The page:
Abraham Lincoln: Vampire Hunter
Until Pride and Prejudice and Zombies manages to haul itself, gobbets of brain falling from its gaping maw, out of development hell and onto our screens, Seth Grahame-Smith’s other mash-up novel will have to do. Abraham Lincoln: Vampire Hunter seeks to succeed where Van Helsing and other intense historical horrors failed, but its mix of ridiculous action and less-than-entertaining characterisation go together about as well as garlic-and-holy-water martinis and toothy gentlemen in evening dress.
As a child, headstrong young Abraham Lincoln witnesses his father’s villainous employer James Barts (Csokas) bending over his mother in the middle of the night. The next morning she is dead, and Abraham spends the next decade harbouring a terrible desire to revenge himself upon the man who must somehow have killed her. When he is finally grown, Abe (Walker) makes his way back to Barts’ town and shoots him straight through the eye – only to find that Barts becomes a ravening beast with sharp fangs and an unhealthy interest in his attacker’s throat. Lincoln is about to meet a messy end when a mysterious stranger appears and saves him from whatever Barts has become.
Lincoln’s rescuer turns out to be Henry Sturges (Cooper), a refined Englishman – when he isn’t throwing people through barn walls – who explains that Barts is neither human nor alive. He is a vampire; one of many thousands led to the New World by original badman Adam (Sewell) when he saw the limitless feeding opportunities open to bloodsucking slave-owners. Sturges promises to give Lincoln the training he needs to vanquish Barts – but only if he commits to a lifetime as a hunter, forgoing friends and family to kill the targets demanded of him. Lincoln agrees, and under Sturges’ direction becomes a formidable warrior when wielding his woodsman’s axe. But other paths are opening before the young abolitionist – the Union needs a new breed of politicians willing to fight tirelessly for black emancipation, and there’s also the matter of beautiful Mary Todd (Winstead). Can ‘Honest Abe’ combine the demands of a family, a nation and the entire race of men?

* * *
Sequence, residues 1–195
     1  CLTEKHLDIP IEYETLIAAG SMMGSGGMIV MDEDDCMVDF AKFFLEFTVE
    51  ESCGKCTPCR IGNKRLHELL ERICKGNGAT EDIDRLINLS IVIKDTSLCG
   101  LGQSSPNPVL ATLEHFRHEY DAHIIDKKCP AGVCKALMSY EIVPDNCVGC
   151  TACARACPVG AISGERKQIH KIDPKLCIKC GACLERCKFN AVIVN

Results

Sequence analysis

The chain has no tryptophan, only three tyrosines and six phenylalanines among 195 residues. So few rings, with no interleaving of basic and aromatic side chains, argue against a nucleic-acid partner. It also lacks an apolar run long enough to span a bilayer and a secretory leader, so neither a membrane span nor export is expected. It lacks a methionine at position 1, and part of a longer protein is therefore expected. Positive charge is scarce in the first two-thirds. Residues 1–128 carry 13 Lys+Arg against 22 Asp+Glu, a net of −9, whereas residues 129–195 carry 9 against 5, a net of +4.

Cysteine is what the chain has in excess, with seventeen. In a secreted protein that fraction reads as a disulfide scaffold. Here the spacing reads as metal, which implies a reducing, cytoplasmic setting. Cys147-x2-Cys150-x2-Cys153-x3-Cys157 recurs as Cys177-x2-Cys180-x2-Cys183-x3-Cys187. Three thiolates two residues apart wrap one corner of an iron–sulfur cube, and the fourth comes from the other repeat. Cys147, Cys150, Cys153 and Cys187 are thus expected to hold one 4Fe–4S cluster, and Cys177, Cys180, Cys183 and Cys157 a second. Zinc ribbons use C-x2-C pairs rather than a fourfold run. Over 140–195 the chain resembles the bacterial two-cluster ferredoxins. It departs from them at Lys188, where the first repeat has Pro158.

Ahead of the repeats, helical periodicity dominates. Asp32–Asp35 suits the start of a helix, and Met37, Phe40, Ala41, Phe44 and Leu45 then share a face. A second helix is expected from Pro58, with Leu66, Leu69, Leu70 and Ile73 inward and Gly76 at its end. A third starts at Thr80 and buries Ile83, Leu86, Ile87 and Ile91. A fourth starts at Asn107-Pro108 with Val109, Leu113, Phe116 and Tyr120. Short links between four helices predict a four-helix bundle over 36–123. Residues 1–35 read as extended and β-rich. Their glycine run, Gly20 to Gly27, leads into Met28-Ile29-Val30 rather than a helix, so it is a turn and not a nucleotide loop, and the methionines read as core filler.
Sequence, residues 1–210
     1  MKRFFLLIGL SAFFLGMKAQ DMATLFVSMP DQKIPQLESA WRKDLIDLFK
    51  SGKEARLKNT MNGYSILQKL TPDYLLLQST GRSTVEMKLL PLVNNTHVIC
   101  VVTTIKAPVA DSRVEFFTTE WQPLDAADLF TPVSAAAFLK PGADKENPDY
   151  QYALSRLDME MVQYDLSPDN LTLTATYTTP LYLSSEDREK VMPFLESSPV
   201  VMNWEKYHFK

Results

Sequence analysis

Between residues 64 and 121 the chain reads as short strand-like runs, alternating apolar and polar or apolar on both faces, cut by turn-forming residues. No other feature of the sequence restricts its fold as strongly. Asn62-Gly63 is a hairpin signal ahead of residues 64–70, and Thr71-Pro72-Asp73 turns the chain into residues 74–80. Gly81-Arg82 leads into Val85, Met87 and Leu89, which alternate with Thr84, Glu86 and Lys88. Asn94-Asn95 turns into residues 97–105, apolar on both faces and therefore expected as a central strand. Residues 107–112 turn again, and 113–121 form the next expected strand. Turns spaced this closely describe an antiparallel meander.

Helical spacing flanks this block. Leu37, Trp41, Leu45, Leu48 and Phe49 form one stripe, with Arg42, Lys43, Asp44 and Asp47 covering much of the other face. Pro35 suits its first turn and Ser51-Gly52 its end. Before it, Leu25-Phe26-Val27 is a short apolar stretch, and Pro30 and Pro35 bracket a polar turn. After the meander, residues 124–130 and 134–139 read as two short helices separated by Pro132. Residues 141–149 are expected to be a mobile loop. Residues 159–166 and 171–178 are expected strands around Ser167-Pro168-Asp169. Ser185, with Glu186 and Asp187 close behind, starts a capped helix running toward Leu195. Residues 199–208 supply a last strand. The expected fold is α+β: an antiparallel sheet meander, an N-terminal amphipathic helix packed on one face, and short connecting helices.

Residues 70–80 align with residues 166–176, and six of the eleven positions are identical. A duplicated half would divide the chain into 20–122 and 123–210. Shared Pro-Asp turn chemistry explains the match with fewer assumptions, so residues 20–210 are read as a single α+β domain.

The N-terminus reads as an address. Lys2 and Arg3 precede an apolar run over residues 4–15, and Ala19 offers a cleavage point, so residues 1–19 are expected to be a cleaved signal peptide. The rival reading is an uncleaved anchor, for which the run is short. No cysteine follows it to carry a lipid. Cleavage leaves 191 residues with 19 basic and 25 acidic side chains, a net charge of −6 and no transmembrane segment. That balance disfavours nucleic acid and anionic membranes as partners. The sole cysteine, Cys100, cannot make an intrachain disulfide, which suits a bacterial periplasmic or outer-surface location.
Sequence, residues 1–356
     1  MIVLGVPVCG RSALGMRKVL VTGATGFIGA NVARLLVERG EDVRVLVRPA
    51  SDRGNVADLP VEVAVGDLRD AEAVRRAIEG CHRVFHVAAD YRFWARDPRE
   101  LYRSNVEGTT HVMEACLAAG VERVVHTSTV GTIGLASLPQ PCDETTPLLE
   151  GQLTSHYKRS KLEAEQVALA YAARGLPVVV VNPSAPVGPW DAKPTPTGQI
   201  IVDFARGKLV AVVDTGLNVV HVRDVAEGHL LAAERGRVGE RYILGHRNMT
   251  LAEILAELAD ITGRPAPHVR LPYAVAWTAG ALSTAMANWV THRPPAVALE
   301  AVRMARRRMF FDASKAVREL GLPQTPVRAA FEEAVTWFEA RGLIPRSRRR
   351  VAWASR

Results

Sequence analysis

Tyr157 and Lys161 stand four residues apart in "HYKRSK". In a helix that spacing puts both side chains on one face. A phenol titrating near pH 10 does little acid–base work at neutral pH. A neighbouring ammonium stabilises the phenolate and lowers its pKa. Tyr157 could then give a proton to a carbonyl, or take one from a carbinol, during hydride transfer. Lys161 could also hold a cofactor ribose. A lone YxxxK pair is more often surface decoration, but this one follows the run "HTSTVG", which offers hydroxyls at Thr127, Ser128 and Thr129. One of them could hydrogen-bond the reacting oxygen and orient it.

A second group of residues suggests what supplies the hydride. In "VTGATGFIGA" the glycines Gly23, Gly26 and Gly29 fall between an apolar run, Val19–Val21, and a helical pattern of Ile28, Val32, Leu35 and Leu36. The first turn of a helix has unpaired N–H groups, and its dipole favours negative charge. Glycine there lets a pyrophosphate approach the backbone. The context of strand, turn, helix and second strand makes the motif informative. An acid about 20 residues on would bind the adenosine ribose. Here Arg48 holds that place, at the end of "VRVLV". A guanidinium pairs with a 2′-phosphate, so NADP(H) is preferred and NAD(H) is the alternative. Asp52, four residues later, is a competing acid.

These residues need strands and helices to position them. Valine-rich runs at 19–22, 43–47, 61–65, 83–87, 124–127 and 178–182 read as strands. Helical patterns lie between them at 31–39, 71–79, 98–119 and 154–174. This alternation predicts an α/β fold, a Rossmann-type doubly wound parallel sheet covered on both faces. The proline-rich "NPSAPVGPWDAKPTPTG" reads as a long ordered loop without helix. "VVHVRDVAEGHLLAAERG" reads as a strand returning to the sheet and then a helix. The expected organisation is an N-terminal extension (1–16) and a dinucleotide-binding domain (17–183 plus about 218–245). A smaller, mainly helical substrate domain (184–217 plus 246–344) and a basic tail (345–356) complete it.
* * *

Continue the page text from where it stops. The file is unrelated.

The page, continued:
Oh, Timur. What on earth went wrong? As far as I can see, Abraham Lincoln: Vampire Hunter could have been one of two things – a defiantly serious period fantasy film along the lines of The League of Extraordinary Gentlemen or a high-camp comedy/action/horror romp like the aforementioned Van Helsing. You mustn’t be misled, incidentally, by the fact that both of those films are awful – there was potential for Honest Abe vs. Dracula (a much better title, IMO) to beat either at their own game. Instead, Bekmambetov has tried to cover all the bases and ended up with a film which is neither one thing nor another. The action is absurdly over-the-top but isn’t given context by a similarly upbeat script; the non-slaying bits of the plot are so crushingly solemn that they make every change of tone seem jarring. You can’t keep putting on/taking off your Serious Glasses when you’re already wearing 3D ones.
There are still good points, of course. Benjamin Walker does a fine job in the lead role, playing Lincoln from callow youth right the way through to distinguished elder statesman with only about twelve thousand pounds of makeup to help him in his transformation, and Dominic Cooper is enjoyable if a little underwritten as his pale (HINT) and enigmatic mentor. He has nothing to worry about, however, compared to Mary Elizabeth Wanstead – one gets the impression that Grahame-Smith toyed with writing Mary Todd Lincoln out of history altogether, so reluctant was he to give her anything to do before the last ten minutes. It’s also interesting, if not strictly anyone’s fault, to note the parallels with Bekmambetov’s Wanted – boy loses parent, is taken in by knowledgeable and tooled-up outlaw/s, agrees to postpone his revenge and become an assassin. Even the intensity of the ‘curve the bullet’ scene is replicated when Henry demands that Abraham, hopped up on mythology and survivor guilt, sever a tree trunk with one blow of his axe.
If only Abraham Lincoln: Vampire Hunter had a fraction of Wanted‘s sense of fun, its gleeful willingness to revel in its own insanity, it might have been genuinely brilliant. But somewhere in between the twentieth 3D fight scene (at one point a vampire throws a horse at Lincoln. A HORSE.) and the hundredth line of entertainment-free dialogue I just lost interest. Surely making Night Watch and Day Watch should have taught you a little about dichotomies, Timur? Mashing two incompatible elements together doesn’t produce some sort of cinematic Megazord, it just makes for a film with no real audience.